How Did I Get Here?
Remembering Don Loughry
“How did you get involved in standards,” I was asked.
On a business trip to India in 2009, I was asked to come by the Mentor office in Noida to meet with some “freshers” and other participants in Mentor’s Displaced Worker Program who were in the middle of a SystemVerilog training. As one of many who have been engaged in the development of the SystemVerilog (aka IEEE Std 1800™-2009) standard the past decade, they were curious to know how I became involved in the development of this standard.
“How did you get involved in standards,” I was asked.
“My work on SystemVerilog comes from an early exposure to IEEE standards, much like you are getting today,” I told them.
In the late 1970’s a visiting lecture from Hewlett-Packard spent a year at UC Davis where I went to school. One of the courses I took was a hardware interface to computers course that borrowed from the Hewlett-Packard Interface Bus (HP-IB). While we all called the protocol HP-IB, it was already an IEEE standard. Today it is known as IEEE Std 488.1™-2003.
In addition to the normal material that had to be purchased for the class, I also had to buy a copy of the IEEE standard. My first thought was the standard was expensive! When looking inside the standard, it looked more like a someone used an IBM Selectric typewriter to write it and inserted hand-drawn state diagrams. Maybe I bought a draft of the standard instead. This is not at all the IEEE standards of today.
Recently I visited IEEE Xplore and downloaded the current standard and the content, as I would expect, looks nothing like the one I bought for my class. Print was professional as all the standards look today. Even the state diagrams are computer generated.
This was my first IEEE standard I bought, studied and built prototype interfaces to connect. While one might have expected we would have spent 100% of our course time on the application of what we were learning, we did not. We got a dose of indoctrination on the importance of standards. “There may be times in your professional career where you may need to volunteer on standards development: Do it,” we were told.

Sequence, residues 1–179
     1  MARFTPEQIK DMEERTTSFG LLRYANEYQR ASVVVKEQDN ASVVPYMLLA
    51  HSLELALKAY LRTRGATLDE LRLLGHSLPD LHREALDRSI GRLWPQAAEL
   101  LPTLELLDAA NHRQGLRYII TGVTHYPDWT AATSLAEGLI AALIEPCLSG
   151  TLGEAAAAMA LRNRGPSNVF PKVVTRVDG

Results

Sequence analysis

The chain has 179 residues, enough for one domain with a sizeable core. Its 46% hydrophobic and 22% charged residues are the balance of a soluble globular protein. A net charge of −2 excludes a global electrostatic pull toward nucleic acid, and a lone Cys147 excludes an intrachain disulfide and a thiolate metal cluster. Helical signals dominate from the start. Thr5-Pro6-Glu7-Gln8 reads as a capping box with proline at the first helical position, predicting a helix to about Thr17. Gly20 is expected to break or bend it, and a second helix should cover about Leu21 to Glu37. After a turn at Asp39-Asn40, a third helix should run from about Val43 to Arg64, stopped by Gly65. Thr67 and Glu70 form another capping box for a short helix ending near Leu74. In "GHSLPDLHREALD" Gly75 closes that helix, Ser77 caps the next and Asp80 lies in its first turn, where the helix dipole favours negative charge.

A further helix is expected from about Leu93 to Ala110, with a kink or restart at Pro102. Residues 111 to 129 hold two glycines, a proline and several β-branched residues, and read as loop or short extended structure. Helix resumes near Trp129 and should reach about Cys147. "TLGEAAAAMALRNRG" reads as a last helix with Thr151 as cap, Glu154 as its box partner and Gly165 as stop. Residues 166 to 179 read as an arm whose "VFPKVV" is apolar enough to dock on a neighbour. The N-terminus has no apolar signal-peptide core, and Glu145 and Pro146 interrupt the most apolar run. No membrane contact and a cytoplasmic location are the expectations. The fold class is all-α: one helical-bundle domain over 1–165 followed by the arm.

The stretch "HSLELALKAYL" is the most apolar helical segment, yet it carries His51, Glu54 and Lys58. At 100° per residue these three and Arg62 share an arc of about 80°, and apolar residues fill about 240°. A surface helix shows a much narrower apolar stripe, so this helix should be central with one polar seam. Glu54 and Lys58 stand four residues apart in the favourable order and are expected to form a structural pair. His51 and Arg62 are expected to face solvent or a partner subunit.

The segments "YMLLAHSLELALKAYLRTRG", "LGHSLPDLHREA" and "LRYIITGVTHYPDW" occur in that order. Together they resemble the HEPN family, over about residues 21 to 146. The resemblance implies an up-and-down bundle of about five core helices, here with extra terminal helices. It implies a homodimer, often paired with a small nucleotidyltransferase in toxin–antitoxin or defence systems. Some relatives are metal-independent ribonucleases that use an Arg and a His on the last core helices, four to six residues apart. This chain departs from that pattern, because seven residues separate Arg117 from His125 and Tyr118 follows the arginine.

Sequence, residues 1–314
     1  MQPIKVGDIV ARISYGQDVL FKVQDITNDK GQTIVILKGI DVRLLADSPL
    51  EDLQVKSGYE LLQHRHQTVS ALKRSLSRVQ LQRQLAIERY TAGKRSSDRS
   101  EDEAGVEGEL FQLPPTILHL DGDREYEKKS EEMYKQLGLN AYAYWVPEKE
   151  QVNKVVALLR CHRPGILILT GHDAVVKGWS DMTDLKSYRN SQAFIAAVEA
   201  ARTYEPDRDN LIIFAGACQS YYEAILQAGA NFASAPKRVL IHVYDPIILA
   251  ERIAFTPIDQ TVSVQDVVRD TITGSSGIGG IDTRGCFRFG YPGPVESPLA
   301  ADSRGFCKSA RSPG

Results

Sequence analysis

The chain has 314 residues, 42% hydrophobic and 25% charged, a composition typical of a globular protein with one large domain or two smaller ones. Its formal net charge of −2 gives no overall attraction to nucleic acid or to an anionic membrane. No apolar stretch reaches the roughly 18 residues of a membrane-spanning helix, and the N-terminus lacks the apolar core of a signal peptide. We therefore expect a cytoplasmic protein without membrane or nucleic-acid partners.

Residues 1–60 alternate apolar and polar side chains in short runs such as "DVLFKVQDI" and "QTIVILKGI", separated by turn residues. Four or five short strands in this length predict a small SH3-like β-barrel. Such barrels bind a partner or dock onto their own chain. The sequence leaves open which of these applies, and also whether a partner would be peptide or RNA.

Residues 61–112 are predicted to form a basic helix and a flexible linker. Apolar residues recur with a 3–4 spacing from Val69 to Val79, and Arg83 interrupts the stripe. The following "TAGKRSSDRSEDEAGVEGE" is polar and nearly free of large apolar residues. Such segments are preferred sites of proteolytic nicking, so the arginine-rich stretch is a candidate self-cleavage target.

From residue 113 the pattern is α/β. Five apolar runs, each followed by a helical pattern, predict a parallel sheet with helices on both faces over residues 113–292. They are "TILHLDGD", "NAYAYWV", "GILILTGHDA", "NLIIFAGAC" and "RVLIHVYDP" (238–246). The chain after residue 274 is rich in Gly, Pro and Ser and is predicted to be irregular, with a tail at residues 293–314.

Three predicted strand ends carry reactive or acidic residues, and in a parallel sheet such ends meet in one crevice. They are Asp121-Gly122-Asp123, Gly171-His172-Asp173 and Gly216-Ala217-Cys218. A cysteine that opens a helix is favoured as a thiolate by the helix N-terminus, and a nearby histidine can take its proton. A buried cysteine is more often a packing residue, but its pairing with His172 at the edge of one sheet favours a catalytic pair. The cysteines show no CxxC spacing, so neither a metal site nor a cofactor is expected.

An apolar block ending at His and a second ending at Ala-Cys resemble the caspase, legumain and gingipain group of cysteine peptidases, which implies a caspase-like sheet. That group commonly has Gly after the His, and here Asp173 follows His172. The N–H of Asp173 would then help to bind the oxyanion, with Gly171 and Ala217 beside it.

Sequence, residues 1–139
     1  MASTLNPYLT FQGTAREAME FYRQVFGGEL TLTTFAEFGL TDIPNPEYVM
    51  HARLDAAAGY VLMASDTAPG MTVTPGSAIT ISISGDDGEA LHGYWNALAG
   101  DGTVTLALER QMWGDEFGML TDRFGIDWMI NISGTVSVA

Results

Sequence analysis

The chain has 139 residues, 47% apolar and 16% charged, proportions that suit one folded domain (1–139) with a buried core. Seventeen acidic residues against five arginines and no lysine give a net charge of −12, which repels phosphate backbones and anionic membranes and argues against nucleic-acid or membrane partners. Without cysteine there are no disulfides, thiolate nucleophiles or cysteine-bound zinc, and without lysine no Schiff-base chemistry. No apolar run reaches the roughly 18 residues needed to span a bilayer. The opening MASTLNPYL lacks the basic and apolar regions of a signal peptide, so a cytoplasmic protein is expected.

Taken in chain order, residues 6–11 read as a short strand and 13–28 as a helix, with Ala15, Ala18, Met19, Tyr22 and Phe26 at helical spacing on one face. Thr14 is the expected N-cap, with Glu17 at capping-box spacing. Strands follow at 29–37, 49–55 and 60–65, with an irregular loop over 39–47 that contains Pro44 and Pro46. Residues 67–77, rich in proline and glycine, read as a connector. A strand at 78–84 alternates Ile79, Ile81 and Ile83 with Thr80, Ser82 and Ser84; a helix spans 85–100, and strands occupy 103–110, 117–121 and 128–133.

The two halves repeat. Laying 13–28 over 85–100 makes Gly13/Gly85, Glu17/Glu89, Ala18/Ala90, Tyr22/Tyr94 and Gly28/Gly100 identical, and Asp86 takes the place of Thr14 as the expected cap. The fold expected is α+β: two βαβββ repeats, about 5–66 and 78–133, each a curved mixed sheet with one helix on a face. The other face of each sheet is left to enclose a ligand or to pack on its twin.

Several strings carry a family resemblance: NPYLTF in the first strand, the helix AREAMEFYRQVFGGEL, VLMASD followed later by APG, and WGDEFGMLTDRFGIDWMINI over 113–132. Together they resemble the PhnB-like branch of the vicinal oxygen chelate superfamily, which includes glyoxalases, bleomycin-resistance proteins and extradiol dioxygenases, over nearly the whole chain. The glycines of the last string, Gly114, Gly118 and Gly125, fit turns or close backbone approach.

This is the story I related to those learning SystemVerilog in Noida. I told them the knowledge they gain may prove to be indispensable in the work they do in the years ahead. But thank you for the question on how I got involved in standards, as it reminds me I should encourage you to be mindful of standards in your future. Let me pass on what I learned from Hewlett-Packard that if there is a time in your professional career where you may need to volunteer for standards development: Do it.
My Mentor, In Pectore
In late 2006, my home phone number rings. I answer. “Hi, this is Don Loughry calling on behalf of the IEEE and I have some good news to share with you.” “What is the good news,” I ask. “You have been elected to the IEEE Standards Association Board of Governors. As past chair it is my privilege to bring you this news,” he says. […] “Thank you, I look forward to serving,” I said as I concluded the call.
Many weeks later, my office number rings and I answer. “Hi this is Don Loughry calling. Dennis, is this you,” he asks. “Yes, this is Dennis,” I say. “Did you see the email I sent to you asking if you would join the Charles Proteus Steinmetz awards committee,” he asked. “No, I can’t recall seeing that email. Does your email come in with your first or last name listed,” I asked. “Neither,” Don told me. “You will see my email address as ‘Sunkist,’” he said. “Oh, I thought I got some message from the ‘orange company’ and did not read it. Let me do that now,” I said. And, yes I joined the committee. [From this moment on, Don Loughry was known to me as Sunkist, though I never told him.]